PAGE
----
Fermented Root Beer

One of our Winter favorites! We recommend hitting up any great herbal store or apothecary to grab the sassafras, sarsaparilla, and birch bark. We love to shop online at Mountain Rose Herbs, and locally here in NYC we like to shop at Flower Power, Anima Mundi Apothecary, or Radical Herbs.

A quick note to this recipe is that you will need to make a Ginger Bug for this recipe. The bug serves as a starter to start the inoculation process to allow the root beer to ferment.



  • 2 tablespoons fresh, grated ginger

  • 2 tablespoons cane sugar

  • 2 tablespoons water


  1. Mix all 3 ingredients in a jar. Just toss them into the jar, put the lid on, and swirl it around to combine.

  2. Each day for 5–7 days, add the same equal parts of your 3 ingredients to the mixture and swirl.

    • 2 Tablespoons fresh, grated ginger

    • 2 Tablespoons cane sugar

    • 2 Tablespoons water

The Ginger Bugs are now ready to use for a variety of purposes. [You can also refer to Contraband Ferment’s Elderberry Soda recipe for one example].



  • 1 gallon of water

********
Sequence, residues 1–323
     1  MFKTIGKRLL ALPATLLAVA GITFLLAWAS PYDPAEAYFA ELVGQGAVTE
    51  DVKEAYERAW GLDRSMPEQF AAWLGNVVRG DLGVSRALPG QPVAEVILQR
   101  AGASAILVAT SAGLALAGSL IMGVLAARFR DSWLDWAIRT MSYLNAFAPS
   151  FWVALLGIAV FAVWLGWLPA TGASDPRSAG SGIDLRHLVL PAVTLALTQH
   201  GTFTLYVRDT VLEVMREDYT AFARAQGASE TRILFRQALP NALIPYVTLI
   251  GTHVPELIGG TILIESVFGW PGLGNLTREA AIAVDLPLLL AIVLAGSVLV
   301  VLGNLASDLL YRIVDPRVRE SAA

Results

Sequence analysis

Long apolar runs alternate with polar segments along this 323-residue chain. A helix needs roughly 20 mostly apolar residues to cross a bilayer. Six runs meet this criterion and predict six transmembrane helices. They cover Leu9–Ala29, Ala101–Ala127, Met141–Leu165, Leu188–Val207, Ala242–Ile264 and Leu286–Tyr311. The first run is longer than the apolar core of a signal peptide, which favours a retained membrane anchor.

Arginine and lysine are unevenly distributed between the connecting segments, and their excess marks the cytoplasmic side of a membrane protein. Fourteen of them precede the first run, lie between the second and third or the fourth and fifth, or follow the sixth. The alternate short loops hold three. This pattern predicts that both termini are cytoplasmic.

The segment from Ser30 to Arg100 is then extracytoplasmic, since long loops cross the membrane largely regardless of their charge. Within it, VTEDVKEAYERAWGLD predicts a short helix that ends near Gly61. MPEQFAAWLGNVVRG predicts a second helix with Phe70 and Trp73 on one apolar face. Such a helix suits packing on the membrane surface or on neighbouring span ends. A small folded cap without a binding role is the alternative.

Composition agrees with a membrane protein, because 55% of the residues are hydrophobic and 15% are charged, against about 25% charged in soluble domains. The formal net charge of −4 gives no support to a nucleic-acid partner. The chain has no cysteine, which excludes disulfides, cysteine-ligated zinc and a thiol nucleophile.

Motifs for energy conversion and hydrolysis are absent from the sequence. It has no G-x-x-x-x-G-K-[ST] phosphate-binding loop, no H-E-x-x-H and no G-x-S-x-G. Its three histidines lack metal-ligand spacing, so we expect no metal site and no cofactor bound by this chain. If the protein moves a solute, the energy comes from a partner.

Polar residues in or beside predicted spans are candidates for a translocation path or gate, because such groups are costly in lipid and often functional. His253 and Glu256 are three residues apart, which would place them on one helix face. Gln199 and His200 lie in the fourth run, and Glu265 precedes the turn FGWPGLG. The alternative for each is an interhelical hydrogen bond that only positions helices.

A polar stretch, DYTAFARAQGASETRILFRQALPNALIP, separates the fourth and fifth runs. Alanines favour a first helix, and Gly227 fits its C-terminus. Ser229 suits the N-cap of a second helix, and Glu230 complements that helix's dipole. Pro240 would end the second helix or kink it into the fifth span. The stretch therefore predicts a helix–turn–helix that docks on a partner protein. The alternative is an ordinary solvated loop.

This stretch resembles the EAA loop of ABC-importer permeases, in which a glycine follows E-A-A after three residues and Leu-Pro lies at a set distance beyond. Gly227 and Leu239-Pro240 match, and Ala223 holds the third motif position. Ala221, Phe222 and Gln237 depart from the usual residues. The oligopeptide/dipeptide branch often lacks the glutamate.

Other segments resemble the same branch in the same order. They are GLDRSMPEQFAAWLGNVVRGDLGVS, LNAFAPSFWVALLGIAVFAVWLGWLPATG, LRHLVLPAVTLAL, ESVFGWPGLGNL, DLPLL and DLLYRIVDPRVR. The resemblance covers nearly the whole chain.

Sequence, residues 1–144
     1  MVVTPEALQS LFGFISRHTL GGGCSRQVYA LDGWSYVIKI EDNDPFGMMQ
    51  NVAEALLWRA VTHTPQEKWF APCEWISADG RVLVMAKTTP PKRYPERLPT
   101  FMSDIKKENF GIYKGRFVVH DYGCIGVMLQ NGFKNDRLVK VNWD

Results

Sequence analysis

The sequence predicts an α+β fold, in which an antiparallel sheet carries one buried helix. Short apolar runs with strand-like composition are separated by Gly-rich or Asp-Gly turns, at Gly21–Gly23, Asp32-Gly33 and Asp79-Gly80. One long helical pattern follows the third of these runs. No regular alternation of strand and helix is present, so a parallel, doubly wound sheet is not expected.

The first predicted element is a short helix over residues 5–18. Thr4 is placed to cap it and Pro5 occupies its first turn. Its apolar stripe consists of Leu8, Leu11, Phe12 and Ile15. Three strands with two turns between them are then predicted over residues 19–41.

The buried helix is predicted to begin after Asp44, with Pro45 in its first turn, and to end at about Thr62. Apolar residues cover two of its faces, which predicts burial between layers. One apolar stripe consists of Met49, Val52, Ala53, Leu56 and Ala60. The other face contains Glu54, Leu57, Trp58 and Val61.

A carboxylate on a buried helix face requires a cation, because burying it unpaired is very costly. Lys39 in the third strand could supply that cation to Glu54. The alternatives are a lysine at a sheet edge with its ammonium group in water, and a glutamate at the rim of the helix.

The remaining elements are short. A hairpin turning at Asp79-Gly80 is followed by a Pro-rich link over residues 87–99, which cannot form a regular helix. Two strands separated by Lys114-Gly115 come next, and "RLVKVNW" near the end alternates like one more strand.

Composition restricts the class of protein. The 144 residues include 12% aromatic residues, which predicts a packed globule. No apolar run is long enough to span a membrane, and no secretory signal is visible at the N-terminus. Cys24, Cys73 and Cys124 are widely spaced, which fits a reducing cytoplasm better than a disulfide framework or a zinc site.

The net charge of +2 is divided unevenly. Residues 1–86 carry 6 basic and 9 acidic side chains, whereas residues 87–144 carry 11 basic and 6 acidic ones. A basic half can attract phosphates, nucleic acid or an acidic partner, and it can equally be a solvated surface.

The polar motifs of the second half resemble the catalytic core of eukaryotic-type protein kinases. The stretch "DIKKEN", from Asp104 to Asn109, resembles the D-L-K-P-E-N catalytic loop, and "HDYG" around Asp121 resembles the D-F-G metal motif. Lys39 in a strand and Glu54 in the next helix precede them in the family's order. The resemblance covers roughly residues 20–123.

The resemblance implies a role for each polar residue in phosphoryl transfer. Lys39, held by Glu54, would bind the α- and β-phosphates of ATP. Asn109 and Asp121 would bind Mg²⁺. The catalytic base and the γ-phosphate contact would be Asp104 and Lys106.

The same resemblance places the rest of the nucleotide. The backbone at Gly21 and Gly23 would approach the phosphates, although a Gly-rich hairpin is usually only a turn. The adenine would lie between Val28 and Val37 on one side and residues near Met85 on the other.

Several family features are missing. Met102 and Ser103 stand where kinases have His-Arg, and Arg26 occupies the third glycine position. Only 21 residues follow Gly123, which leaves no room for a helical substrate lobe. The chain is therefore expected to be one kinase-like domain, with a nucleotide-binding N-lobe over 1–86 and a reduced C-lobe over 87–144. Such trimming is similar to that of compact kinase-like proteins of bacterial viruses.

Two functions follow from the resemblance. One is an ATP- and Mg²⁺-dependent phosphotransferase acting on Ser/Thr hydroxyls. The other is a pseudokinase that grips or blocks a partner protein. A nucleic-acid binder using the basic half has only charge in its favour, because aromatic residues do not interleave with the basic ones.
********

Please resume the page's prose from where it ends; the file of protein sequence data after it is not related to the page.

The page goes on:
• ½ cup dried sassafras bark

  • ½ cup dried sarsaparilla root

  • ½ cup dried birch bark

  • 1 cinnamon stick

  • 1 cup sugar

  • ½ cup molasses

  • ½–1 cup ginger bug

  • 3 slices of fresh ginger root


1. Combine the water and herbs in a pot and bring to a boil. Reduce the heat

and simmer for 20 minutes. Remove the pot from the heat and let the

sassafras tea come to room temperature.

2. Strain out the herbs and put the tea into a wide mouth gallon jar.

3. Stir in the sugar, molasses, ginger bug, and ginger slices, then cover the

jug with a piece of cheesecloth secured with a rubber band.

4. Put the jar in a quiet corner in your kitchen and let the root beer ferment.

Give it a vigorous stir once per day. It should start to bubble up within 3 to

4 days, then it’s ready to bottle.

5. Strain out the ginger pieces and transfer the root beer to flip top bottles

using a funnel, making sure to leave an inch or 2 of head space.

6. Let the bottles sit at room temperature to build up carbonation for at least

a week before drinking your root beer. Serve cold and enjoy!